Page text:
When Hyeryun Choe and Mike Farzan first met at Harvard some twenty years ago, it was in a laboratory that, as Farzan remembers, was so small that they were “either going to kill each other or fall in love. Fortunately for everyone at Scripps Florida, it was the latter.
Now, both Farzan and Choe are scientists on the Jupiter campus – they arrived here in 2012 – and both study the inner workings of various viruses in the Department of Immunology and Microbial Sciences, specifically how these viruses make their initial entry into the cell.
They aren’t the only married couple to take up scientific residence at Scripps Florida – there are at least half a dozen others – only the latest.
Being married scientists has its advantages, Choe said. Among other things, it makes conversation easy.
“It’s very convenient for us because, even though I haven’t really calculated it, I think one-third of conversation is still about our work – it used to be more,” she said. “The fact that we can talk about it freely without worrying about the other person not understanding is really good. Other people say you should never marry a person with the same profession but it worked out wonderfully for us.”
There’s a lot to talk about, too. Her laboratory recently received a $2.3 million grant from the National Institutes of Health to study a category of viruses that cause dengue fever, West Nile, yellow fever and other diseases spread by mosquitoes and ticks. These diseases can result in flulike symptoms, extreme pain (dengue has been called "bone-break fever") and, in some cases, encephalitis.
This is especially relevant in Florida, where the outbreak of dengue fever that infected some 20 people in Florida's Martin County late last year unnerved many who feared the tropical disease had once again established a foothold in Florida. The last outbreaks occurred in 2009 and 2010 in Key West--before that, the disease hadn't struck Florida in more than 70 years.
"The virus uses a very clever method of infection," Choe said. "It's like using a side door to enter a house when the front door is locked."
While Farzan is interested in viral invasion, his focus has been on HIV. Last year, Farzan published a breakthrough study on the virus in the prestigious journal Nature . The study, which, research wise, has been nearly a decade in the making, announced the creation of a novel drug candidate that is so potent and universally effective, it might work as part of an unconventional vaccine.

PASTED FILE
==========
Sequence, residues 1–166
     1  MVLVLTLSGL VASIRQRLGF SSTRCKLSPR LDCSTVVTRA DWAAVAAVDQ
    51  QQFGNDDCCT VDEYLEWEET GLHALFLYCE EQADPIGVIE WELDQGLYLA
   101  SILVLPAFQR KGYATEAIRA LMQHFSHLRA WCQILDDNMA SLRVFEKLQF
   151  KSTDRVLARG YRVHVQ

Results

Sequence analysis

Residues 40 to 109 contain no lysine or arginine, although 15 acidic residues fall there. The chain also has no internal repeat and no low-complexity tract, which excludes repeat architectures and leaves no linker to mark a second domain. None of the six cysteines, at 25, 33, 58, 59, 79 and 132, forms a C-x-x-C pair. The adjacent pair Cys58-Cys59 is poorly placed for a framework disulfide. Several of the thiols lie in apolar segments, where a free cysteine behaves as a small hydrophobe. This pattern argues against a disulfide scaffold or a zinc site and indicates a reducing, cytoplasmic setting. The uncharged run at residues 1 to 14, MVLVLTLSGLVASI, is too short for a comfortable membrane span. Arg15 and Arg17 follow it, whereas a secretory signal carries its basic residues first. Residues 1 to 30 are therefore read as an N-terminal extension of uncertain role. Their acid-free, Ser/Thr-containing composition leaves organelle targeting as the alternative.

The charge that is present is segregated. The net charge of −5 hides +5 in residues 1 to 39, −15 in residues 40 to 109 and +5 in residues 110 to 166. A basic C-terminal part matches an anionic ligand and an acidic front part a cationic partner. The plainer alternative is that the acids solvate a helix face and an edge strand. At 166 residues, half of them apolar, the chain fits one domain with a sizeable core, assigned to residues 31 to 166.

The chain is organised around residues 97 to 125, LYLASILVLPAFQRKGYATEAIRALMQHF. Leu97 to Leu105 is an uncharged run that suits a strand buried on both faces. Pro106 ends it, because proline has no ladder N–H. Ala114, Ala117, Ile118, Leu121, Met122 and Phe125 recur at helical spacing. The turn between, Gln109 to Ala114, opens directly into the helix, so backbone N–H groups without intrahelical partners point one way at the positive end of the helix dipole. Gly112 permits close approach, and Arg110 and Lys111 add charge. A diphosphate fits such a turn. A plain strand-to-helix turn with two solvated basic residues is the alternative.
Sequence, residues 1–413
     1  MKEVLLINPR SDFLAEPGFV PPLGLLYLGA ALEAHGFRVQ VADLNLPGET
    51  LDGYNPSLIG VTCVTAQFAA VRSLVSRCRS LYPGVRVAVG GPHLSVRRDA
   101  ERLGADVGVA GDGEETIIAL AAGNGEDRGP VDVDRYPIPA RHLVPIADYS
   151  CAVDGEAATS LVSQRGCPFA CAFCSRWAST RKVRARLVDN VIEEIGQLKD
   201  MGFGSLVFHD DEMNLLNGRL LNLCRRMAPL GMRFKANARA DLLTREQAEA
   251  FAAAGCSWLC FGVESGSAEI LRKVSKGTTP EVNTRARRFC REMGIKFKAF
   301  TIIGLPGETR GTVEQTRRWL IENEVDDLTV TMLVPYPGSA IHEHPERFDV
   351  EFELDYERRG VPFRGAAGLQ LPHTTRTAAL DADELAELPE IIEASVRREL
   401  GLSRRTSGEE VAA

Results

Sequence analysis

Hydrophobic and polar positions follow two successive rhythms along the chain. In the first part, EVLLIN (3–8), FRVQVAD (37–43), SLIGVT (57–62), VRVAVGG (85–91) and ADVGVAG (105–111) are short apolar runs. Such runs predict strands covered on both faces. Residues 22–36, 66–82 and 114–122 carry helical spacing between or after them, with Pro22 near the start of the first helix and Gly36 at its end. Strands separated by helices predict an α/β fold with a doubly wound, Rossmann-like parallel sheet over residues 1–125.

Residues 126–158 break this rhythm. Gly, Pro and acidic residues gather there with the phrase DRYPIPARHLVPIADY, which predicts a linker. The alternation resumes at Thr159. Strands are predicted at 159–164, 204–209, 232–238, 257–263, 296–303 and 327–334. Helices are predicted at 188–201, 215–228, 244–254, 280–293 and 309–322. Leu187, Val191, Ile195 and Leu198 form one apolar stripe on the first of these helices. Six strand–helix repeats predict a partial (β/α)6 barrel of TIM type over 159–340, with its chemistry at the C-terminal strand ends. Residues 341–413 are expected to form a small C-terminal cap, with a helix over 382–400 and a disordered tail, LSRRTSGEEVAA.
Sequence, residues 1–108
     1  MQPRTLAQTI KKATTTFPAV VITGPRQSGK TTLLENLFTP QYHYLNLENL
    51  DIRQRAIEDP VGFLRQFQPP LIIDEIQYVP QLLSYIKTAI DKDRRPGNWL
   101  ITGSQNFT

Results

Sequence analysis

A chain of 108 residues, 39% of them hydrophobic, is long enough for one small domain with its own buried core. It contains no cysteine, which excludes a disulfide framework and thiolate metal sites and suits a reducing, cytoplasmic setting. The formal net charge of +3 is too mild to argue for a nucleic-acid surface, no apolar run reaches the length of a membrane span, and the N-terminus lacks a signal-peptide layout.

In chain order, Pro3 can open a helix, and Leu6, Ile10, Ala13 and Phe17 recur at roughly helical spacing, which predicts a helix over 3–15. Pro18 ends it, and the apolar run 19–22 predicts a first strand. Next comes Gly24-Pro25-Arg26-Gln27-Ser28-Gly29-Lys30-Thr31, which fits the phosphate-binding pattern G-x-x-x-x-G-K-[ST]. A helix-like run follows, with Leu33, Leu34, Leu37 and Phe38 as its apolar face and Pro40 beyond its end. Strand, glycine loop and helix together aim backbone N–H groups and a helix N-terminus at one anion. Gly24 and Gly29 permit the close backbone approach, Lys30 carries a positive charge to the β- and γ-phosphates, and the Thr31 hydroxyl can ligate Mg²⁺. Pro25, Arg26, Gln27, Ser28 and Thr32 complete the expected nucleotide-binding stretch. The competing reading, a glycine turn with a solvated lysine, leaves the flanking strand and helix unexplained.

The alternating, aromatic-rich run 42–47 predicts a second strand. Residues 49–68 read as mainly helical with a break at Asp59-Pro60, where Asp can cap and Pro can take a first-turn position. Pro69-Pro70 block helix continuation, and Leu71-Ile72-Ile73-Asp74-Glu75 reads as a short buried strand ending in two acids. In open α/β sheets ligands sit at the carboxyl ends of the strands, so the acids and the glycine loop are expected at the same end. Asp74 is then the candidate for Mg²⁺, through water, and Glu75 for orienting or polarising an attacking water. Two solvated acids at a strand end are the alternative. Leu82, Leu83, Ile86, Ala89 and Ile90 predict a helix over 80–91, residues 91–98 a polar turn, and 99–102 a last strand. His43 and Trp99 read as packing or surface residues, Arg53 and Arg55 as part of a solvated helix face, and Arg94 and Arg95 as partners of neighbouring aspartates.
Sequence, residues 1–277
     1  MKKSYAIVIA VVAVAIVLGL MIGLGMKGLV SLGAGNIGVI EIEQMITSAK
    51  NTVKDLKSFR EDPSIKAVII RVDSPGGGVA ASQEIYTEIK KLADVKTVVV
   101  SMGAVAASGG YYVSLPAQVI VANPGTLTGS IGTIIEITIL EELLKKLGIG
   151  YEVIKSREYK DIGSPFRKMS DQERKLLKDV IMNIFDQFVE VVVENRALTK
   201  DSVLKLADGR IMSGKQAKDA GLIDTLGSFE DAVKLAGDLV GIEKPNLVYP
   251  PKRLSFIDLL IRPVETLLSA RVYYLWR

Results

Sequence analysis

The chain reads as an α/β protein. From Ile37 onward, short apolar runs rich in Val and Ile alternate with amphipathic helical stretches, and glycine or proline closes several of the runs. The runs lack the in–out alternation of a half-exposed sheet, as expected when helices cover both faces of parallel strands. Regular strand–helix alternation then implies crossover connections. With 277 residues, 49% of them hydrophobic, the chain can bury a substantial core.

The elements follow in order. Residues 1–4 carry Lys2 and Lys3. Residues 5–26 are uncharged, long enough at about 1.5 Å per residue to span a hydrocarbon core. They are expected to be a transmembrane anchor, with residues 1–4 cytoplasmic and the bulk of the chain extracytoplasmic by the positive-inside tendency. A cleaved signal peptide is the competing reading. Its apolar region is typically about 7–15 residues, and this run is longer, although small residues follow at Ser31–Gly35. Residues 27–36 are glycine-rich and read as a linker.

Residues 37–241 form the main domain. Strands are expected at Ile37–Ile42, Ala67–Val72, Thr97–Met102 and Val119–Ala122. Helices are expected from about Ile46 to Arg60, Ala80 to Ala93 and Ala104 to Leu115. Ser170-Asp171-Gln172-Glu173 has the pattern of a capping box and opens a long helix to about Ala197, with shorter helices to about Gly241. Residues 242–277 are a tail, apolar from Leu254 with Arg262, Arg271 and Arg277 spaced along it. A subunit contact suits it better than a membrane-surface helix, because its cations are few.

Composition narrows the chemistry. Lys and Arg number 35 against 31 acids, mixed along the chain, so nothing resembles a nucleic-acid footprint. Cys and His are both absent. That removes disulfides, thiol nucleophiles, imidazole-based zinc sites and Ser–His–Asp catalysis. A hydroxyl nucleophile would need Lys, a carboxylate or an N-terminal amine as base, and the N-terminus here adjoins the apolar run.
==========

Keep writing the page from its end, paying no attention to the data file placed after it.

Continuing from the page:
The study shows that the new drug candidate blocks every strain of HIV-1, HIV-2 and SIV (simian immunodeficiency virus), including the hardest-to-stop variants. It also protects against much-higher doses of virus than occur in most human transmission and does so for at least eight months after injection.
“Our compound is the broadest and most potent entry inhibitor described so far,” Farzan said. “Unlike antibodies, which fail to neutralize a large fraction of HIV-1 strains, our protein has been effective against all strains tested, raising the possibility it could offer an effective HIV vaccine alternative.”
As a result of his work, Farzan was awarded up to nearly $6 million from the Bill & Melinda Gates Foundation to develop his revolutionary HIV/AIDS alternative vaccine. This is the first grant awarded by the Gates Foundation to a Scripps Florida scientist.
“I’m grateful to the Gates Foundation for its strong support of our research and for its continued commitment to eradicating HIV/AIDS throughout the world,” he said.
Farzan finds being married to a scientific equal a blessing as well.
“Scientifically, it’s as good as it gets because you’re married to the collaborator that you trust the most,” he said. “Sometimes it seeps into the marriage half of life – and sometimes work creeps too much into life. But on balance I would call it a good thing. It’s no question that it helps the marriage – it strengthens it because you’re with somebody who knows all aspects you.”
Having settled into a condo on the beach in Juno Beach, both are glad to be at Scripps Florida – and in Florida.
They walk on the beach – Choe admits that Farzan does it more than she does – and that she was a little worried about how hot it would be when they finally settled into the Sunshine State.
“I thought it would be too hot and too humid,” she said, “but we adapted to it so fast and now we can’t live anywhere else. It’s so funny that I worried about the weather.”